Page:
COVID-19: A close look at vaccine strategies used with older people in Quebec

A new study determines the maximum recommended interval between the first and second doses of mRNA vaccines for an older population and reveals the differences in antibody responses to different vaccine combinations.

When the COVID-19 vaccination campaign was launched in Quebec in the winter 2021, there were fluctuations in vaccine availability that led the government to implement strategies such as delaying the second dose and offering another type of vaccine as a second dose (heterologous vaccination). As a result, older adults residing in long-term care facilities in Quebec, with or without a previously documented SARS-CoV-2 infection, received two doses of an mRNA vaccine (Pfizer-BioNTech’s Cominarty and/or Moderna’s Spikevax) with a 16-week interval between doses.

To assess the efficiency of these strategies, a team of researchers at the Research Institute of the McGill University Health Centre (RI-MUHC), in collaboration with colleagues at the University of Ottawa and Université de Montréal, conducted a study of serological responses – or antibody responses – in seniors residing in long-term care facilities in Montreal. In an interim report published in The Lancet Healthy Longevity, they reveal the maximum recommended interval between first and second doses of mRNA vaccines and the differences in antibody responses to different vaccine combinations. This work will help guide public health vaccination policies.

The study included individuals 65 years and older who received either two doses of the same vaccine (homologous vaccination) or a mix-and-match regime (heterologous vaccine combination). Participants were enrolled from December 31, 2020, to February 16, 2021, and data were collected up to June 9, 2021. The researchers looked at the evolution of antibody levels after the first dose and found 16 weeks to be a maximum.

 “The original studies looked at an interval of 3 or 4 weeks, but subsequent studies showed that this short time may lead to sub-optimal responses to the mRNA vaccines,” says Dr. Don Vinh, the principal investigator of the study and a scientist in Infectious Diseases and Immunity in Global Health Program at the RI-MUHC. “While the optimal interval between the first and the second doses remains unknown, our data shows that the interval of four months used in Quebec’s CHSLDs was the maximum period that should be considered, because in those not previously infected with COVID, the antibody levels dropped quite significantly at that point.”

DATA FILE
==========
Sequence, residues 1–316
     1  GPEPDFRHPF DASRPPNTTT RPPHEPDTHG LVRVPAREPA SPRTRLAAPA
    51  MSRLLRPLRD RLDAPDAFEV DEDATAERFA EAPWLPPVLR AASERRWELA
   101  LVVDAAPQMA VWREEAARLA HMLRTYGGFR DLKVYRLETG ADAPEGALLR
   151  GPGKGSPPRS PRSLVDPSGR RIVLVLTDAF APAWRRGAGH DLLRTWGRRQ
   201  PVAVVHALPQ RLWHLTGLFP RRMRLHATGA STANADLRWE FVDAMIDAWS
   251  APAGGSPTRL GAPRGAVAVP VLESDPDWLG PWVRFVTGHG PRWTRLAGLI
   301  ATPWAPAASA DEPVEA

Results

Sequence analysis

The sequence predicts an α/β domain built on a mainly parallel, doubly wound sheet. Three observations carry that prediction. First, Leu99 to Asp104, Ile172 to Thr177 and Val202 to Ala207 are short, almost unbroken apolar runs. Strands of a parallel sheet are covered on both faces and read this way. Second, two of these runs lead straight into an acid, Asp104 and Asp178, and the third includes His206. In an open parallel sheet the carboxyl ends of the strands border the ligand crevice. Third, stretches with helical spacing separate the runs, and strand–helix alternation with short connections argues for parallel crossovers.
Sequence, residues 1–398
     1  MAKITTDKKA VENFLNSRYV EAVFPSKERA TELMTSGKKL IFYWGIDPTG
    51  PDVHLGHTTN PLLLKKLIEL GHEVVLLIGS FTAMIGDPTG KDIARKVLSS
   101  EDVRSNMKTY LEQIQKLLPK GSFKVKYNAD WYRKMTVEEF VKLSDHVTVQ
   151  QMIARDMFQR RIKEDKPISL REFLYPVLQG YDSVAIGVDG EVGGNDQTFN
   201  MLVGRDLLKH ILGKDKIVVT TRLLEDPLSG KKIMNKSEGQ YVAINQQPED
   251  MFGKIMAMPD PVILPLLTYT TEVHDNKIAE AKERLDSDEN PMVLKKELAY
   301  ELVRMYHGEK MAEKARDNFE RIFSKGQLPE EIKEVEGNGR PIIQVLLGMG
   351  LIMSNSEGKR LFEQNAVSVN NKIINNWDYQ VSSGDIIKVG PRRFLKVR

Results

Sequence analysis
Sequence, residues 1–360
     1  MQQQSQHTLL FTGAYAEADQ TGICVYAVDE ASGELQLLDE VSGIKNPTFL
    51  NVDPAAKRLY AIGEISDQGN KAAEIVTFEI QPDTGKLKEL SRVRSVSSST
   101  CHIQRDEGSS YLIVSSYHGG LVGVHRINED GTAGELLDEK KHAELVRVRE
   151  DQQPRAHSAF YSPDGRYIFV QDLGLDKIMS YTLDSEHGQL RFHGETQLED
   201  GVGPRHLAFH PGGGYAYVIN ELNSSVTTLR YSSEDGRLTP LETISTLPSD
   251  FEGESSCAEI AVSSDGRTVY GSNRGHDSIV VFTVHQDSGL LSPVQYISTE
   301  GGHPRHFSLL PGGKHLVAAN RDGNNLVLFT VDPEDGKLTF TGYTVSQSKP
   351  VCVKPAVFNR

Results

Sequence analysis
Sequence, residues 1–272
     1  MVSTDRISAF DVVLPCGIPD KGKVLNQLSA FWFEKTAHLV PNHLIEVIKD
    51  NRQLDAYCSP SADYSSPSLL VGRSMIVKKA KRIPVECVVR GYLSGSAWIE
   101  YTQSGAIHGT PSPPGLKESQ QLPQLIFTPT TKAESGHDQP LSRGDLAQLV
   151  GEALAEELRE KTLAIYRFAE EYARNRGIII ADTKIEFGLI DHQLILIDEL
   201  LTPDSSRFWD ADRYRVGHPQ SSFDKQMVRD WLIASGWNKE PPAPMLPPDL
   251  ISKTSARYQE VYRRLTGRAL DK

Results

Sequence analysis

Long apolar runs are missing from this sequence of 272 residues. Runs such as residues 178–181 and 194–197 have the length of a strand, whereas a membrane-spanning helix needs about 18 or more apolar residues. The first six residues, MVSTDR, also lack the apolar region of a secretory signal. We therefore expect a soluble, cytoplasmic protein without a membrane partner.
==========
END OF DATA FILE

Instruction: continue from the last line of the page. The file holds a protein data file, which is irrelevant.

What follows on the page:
Other findings include:

  • Older people without a previous SARS-CoV-2 infection exhibited lower antibody responses after the first dose compared to those who were previously infected. However, four weeks after the second dose, both groups achieved comparable levels of antibodies.
  • Four weeks after the second dose, antibody levels were similar in individuals who had received two doses of Moderna or Pfizer vaccines or a combination of the two, thereby supporting their interchangeability.
  • Age, biological sex and underlying comorbidities did not affect antibody production in response to mRNA-based COVID-19 vaccines.

About the study

The study Real-world serologic responses to extended-interval and heterologous COVID-19 mRNA vaccination in frail older people  (UNCoVER): and interim report from a prospective observational cohort study  was conducted by Donald C. Vinh, Jean-Philippe Gouin, Diana Cruz-Santiago, Michelle Canac-Marquis, Stéphane Bernier, Florian Bobeuf, Avik Sengupta, Jean-Philippe Brassard, Alyssa Guerra, Robert Dziarmaga, Anna Perez, Yichun Sun, Yongbiao Li, Lucie Roussel, Mélanie J. Langelier, Danbing Ke, Corey Arnold, Martin Pelchat,  Marc-André Langlois, Timothy G. Evans, Xun Zhang and Bruce D. Mazer.


The study was supported by the Government of Canada, through its COVID-19 Immunity Task Force (CITF).